10 June 2021, 4 pm IST
Dr. Vibha Ahuja, Chief General Manager, Biotech Consortium India Limited (BCIL)
Dr. Rakesh Mishra, Director, TIGS
Dr. Deepak Pental, Fmr. Vice-Chancellor, University of Delhi
- Genomic assisted breeding 2.0 for crop improvement byDr. Rajeev Varshney, Research Program Director, Genetic Gains and Director, Center of Excellence in Genomics & Systems Biology, ICRISAT
- Integrating modern genomic tools with plant breeding in rice byDr. A.K. Singh, Director, ICAR – Indian Agricultural Research Institute
- Genomics assisted breeding in chickpea by Dr. Swarup K. Parida, Staff Scientist-IV, National Institute of Plant Genome Research
- Dr. Kuldeep Singh, Director, ICAR-National Bureau of Plant Genetic Resources
- Dr. Ramesh V. Sonti, Professor of Biology, IISER, Tirupati
- Dr. R.M. Sundaram, Director, ICAR-Indian Institute of Rice Research
- Dr. Parveen Chhuneja, Director, School of Agricultural Biotechnology, Punjab Agricultural University
Dr. Rakesh Mishra talked about how genomics has become a game-changer in healthcare and agriculture. Using traditional methods in tandem with modern genomic tools could contribute greatly to improving food security while keeping the environment safe. He also spoke about the importance of efficient communication and education about available technologies and the benefits of adopting them.
Prof. Deepak Pental emphasized the importance of protecting crops from pests and infections, improving crop yields in the country, and reducing the dependence on natural resources, especially water. He also spoke about the need for utilizing new technologies at an accelerated pace in overcoming these challenges and enabling science to serve society.
Dr. Rajeev Varshney spoke about how modern genetic tools can be used to address issues seen in crop breeding and improve the pace of genetic gains in crop improvement programs. He elaborated on the innovative genomics approaches being undertaken for chickpea, pigeon pea and groundnut at ICRISAT, particularly the development of pangenomes and super pangenomes, genotyping platforms, trait mapping approaches, and translational research based on genomic breeding approaches. He also mentioned the need for international, national, and local government support and a conducive policy environment to realize the potential of these innovations through efficient management, agronomy, and market access.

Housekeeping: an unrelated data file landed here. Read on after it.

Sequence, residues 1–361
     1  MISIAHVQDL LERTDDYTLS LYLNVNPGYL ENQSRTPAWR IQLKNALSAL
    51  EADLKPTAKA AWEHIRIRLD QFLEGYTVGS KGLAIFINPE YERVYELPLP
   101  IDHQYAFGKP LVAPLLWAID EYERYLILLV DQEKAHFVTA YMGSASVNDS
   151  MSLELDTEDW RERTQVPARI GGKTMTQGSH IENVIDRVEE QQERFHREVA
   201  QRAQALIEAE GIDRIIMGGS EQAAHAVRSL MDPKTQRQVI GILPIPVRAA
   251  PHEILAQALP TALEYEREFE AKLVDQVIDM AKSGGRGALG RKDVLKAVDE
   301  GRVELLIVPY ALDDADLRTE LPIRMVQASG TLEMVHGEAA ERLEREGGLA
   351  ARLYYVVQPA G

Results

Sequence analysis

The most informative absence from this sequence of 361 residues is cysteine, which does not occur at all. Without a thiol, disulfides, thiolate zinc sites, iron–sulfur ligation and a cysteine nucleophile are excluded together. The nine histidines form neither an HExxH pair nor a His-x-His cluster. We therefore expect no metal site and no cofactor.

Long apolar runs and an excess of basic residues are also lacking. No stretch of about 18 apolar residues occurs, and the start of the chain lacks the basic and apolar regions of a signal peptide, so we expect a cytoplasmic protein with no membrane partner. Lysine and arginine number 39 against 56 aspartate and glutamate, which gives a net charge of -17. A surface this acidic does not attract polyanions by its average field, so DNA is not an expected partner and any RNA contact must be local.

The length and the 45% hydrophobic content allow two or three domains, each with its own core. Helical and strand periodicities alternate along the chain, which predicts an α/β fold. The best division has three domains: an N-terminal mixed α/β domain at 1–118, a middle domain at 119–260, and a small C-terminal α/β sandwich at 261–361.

Dr. A.K. Singh talked about the importance of rice breeding programs and new varieties of rice being developed. His presentation included details of new varieties of basmati rice, developed through molecular breeding, with favorable traits such as resistance to blast, brown plant hopper, drought, and tolerance to higher temperatures and salinity. He also spoke about Direct Seeded Rice, which is a method that has a much lesser requirement for water in rice cultivation, and new basmati rice varieties that can be grown as direct seeded rice.
Dr. Swarup K. Parida focused on next-generation molecular breeding methods for genetic improvement of chickpea. He talked about his team’s efforts to develop several high-yielding varieties of chickpea and India’s contributions to global crop plant genome sequencing projects, such as that for chickpea, pigeon pea, finger millet pearl, and many more.
Dr. Kuldeep Singh articulated how genomics and gene banks can be integrated for future readiness. He also talked about the importance of germplasm and its role in the success of the Green Revolution in India, and the challenges associated with assimilating genetic resources in gene banks.
Dr. Ramesh Sonti talked about how the National Genomics and Genotyping Facility at NIPGR was set up to provide support through infrastructure and consultancy to enhance the utilization of new knowledge available from genomics research in crop improvement. The facility would share access to genotyping data, phenotyping data and seeds with organizations across the country, thereby facilitating a national movement towards the utilization of germplasm and mapping mutations. He also talked about the need for setting up speed breeding facilities across the country to reduce the number of generations needed for new varieties and generating digital plans for crops, which include all metabolic and developmental pathways for a particular crop.
Dr. Raman Sundaram highlighted that the pace of adoption of new genetic technologies in crop improvement has been low, due to limitations in infrastructure, trained manpower, funding, and logistics. He emphasized the need for these challenges to be addressed, improve the progress we make in functional genomics research in the country, and the importance of exploratory biological research. He also said that more investments are needed towards pathogen genomics, soil-microbe genomics, genomics of yield, and genomics of wild relatives of crops.
Dr. Parveen Chhuneja talked about genomics research currently being done in wheat. Dr. Chhuneja’s team was involved in efforts to sequence 250 accessions of wild wheat. Such efforts could help mine diversity from wild relatives, which can be made available for crop improvement programs. She also talked about new technologies that have proved useful for mapping complex genomes such as that of wheat.